Iran says it is ‘impossible’ to add anything to nuclear deal

March 11, 2018

TEHRAN - Behrooz Kamalvandi, spokesman for the Atomic Energy Organization of Iran, has said that it is impossible to add anything to the 2015 nuclear deal, known as the Joint Comprehensive Plan of Action.

“The country’s officials at various levels have said that it is not possible to add anything to the JCPOA,” Kamalvandi told Mehr news agency in an interview published on Sunday.

In a statement on January 12, U.S. President Donald Trump gave Europeans only 120 days to agree to an overhaul of the nuclear agreement and said if the text of the nuclear deal is not revised he would unilaterally withdraw the U.S. from the agreement. Trump said the nuclear deal should include Iran’s defense program including missiles.

However, Kamalvandi said, “Iran does not intend to hold talks about its defense capability and has not the issue on agenda.”

The atomic official described the JCPOA as a “closed package” which is not open to renegotiation.

Commenting on France’s efforts to form a European coalition against Iran’s missile program, he said, “France feels that it is beneficial to accompany the U.S. and this is not Europe’s view.”

“France has entered some political haggling, because it feels it has lost influence in the region,” he commented.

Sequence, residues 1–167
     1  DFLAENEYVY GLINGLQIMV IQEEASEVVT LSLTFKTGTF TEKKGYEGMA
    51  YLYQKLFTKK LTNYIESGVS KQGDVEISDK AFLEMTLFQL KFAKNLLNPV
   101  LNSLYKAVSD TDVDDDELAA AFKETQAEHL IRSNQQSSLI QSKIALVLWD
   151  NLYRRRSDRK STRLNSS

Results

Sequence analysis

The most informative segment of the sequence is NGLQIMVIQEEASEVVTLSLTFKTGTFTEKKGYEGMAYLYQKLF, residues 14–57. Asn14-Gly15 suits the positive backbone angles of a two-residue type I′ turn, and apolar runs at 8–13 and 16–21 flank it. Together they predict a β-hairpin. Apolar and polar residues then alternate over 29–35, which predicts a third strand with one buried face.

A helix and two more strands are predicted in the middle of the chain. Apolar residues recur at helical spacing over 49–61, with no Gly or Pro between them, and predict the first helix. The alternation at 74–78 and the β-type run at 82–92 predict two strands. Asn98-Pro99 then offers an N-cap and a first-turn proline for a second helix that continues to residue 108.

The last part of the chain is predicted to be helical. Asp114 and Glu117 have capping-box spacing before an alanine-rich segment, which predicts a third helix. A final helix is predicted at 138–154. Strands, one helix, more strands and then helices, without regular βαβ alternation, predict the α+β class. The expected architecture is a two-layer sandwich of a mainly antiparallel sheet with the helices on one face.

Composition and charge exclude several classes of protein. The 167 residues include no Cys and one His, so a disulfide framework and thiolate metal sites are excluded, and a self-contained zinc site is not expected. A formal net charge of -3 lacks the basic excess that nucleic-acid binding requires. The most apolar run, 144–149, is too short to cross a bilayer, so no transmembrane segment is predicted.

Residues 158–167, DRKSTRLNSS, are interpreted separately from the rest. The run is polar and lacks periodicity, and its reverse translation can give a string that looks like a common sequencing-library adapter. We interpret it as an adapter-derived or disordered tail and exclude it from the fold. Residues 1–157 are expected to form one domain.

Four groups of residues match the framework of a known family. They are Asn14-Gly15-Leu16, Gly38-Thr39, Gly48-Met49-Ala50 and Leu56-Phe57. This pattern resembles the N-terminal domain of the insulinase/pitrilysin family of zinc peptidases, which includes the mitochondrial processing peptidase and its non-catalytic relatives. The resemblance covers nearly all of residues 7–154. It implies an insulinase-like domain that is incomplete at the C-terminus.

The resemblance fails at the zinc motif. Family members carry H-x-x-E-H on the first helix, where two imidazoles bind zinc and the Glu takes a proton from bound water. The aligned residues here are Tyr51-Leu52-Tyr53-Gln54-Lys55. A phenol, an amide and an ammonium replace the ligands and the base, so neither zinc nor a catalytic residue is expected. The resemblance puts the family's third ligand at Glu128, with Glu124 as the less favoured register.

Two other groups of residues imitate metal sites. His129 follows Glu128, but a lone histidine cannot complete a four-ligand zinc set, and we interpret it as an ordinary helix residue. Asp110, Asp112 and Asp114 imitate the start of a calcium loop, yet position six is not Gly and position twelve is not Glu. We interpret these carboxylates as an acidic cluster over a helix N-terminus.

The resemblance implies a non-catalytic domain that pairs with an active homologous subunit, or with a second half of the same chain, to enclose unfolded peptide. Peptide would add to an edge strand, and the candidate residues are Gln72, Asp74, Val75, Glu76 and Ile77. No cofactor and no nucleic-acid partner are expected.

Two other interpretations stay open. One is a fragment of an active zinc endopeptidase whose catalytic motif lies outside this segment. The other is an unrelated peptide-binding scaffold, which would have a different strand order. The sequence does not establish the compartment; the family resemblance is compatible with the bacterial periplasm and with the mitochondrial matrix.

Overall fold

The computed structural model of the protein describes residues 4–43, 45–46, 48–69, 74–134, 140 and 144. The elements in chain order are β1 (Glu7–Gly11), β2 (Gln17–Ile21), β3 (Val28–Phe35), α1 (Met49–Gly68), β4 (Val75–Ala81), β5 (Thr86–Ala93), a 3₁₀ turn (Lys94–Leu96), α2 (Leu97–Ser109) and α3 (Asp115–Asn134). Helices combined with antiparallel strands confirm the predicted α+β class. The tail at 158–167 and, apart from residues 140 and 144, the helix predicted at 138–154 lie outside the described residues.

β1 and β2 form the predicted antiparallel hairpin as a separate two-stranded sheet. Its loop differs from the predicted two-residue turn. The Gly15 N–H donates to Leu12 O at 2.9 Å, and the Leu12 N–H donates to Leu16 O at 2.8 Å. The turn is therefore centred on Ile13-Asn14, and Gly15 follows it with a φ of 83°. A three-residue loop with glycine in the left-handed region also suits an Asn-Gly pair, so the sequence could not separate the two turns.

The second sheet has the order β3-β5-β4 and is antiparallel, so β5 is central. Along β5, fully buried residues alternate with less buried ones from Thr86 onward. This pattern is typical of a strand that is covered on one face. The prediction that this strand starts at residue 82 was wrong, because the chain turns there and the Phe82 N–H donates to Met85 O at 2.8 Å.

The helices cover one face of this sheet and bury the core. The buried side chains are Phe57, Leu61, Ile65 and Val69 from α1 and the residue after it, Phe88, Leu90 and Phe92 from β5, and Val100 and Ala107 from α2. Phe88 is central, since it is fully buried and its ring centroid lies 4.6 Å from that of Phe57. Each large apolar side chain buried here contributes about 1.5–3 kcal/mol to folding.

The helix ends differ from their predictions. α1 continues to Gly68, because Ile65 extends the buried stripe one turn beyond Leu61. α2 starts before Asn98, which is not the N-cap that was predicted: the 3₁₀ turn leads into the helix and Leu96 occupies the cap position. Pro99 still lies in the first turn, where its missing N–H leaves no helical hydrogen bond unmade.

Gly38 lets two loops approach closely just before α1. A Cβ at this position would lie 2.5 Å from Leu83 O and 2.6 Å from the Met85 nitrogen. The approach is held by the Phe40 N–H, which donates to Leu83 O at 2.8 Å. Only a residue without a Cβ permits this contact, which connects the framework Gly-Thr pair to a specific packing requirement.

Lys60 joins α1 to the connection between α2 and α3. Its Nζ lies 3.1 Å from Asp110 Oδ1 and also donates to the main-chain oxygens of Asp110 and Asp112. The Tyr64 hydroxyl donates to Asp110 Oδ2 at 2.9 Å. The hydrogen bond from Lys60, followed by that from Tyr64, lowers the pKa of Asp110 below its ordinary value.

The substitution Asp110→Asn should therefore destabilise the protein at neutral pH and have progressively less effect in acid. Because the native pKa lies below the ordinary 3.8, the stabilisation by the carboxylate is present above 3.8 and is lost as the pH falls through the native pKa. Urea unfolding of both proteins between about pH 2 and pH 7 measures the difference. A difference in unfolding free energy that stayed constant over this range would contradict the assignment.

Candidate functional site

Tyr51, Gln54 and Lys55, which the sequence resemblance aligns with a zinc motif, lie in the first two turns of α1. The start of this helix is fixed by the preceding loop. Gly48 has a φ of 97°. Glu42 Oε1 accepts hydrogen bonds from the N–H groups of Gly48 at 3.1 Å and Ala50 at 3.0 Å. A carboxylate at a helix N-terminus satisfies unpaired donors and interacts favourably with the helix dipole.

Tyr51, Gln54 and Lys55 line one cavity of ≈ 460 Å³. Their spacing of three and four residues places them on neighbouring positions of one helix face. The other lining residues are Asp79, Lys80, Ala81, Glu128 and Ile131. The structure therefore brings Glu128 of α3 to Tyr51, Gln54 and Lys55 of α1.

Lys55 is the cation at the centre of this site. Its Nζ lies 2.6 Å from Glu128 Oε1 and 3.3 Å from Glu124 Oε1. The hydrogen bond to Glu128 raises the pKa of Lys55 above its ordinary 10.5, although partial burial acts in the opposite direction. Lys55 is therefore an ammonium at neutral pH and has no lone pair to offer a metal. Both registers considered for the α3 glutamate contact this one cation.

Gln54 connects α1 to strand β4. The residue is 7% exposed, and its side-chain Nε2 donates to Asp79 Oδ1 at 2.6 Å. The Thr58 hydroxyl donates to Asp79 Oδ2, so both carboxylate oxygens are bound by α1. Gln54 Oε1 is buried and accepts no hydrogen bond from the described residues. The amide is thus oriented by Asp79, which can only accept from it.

French Foreign Minister Jean-Yves Le Drian visited Tehran on March 5 for talks with senior Iranian officials. During the talks, the officials insisted on Tehran’s long-held policy that missile program is defensive and the Iran will not compromise on its deterrence capability.

The JCPOA, signed between Iran, the five permanent members of the UN Security Council - the U.S., UK, France, Russia, and China - Germany and the European Union, is only related to Iran’s nuclear program. The UN resolution 2231 which confirmed the multilateral international agreement only calls on Iran not to test missiles designed to carry nuclear warheads.

According to the official website of the French embassy in London, Le Drian has said the JCPOA “must not be touched”.


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